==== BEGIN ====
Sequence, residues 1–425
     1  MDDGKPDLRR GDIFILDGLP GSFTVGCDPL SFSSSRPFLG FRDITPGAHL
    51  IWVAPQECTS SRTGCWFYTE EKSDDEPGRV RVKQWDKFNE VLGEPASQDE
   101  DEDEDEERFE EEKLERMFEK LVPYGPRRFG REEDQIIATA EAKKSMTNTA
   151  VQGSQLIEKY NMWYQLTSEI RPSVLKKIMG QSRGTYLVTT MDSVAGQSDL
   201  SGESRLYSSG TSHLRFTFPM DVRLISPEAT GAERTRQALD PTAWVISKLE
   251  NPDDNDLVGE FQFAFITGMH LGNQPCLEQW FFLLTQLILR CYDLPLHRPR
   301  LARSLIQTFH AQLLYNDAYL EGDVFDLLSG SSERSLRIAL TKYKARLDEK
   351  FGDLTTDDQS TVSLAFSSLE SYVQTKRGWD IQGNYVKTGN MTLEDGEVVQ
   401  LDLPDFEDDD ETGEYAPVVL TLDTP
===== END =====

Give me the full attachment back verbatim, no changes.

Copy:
Sequence, residues 1–425
     1  MDDGKPDLRR GDIFILDGLP GSFTVGCDPL SFSSSRPFLG FRDITPGAHL
    51  IWVAPQECTS SRTGCWFYTE EKSDDEPGRV RVKQWDKFNE VLGEPASQDE
   101  DEDEDEERFE EEKLERMFEK LVPYGPRRFG REEDQIIATA EAKKSMTNTA
   151  VQGSQLIEKY NMWYQLTSEI RPSVLKKIMG QSRGTYLVTT MDSVAGQSDL
   201  SGESRLYSSG TSHLRFTFPM DVRLISPEAT GAERTRQALD PTAWVISKLE
   251  NPDDNDLVGE FQFAFITGMH LGNQPCLEQW FFLLTQLILR CYDLPLHRPR
   301  LARSLIQTFH AQLLYNDAYL EGDVFDLLSG SSERSLRIAL TKYKARLDEK
   351  FGDLTTDDQS TVSLAFSSLE SYVQTKRGWD IQGNYVKTGN MTLEDGEVVQ
   401  LDLPDFEDDD ETGEYAPVVL TLDTP